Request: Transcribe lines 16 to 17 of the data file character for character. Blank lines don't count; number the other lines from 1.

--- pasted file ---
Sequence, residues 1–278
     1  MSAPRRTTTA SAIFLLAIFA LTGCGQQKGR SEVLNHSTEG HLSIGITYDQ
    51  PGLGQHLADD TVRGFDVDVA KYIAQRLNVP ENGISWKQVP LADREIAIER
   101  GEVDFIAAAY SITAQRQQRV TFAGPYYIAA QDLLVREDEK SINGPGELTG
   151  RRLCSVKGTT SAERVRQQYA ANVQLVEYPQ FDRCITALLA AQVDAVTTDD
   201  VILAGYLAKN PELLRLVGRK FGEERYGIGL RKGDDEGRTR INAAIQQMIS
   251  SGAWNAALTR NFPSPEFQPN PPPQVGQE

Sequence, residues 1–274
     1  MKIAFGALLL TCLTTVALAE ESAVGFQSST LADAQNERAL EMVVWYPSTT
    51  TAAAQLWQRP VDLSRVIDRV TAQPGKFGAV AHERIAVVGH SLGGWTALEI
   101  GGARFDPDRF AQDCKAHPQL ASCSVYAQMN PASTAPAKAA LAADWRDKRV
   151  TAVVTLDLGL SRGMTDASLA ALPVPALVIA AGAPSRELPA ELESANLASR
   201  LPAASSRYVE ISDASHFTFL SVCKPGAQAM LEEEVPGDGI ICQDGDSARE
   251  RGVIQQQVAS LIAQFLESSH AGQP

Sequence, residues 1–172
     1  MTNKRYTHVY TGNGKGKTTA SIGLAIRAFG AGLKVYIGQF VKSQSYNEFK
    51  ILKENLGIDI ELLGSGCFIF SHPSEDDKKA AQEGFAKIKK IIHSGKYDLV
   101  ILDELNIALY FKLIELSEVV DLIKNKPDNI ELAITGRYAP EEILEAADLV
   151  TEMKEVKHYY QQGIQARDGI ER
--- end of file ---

     1  MTNKRYTHVY TGNGKGKTTA SIGLAIRAFG AGLKVYIGQF VKSQSYNEFK
    51  ILKENLGIDI ELLGSGCFIF SHPSEDDKKA AQEGFAKIKK IIHSGKYDLV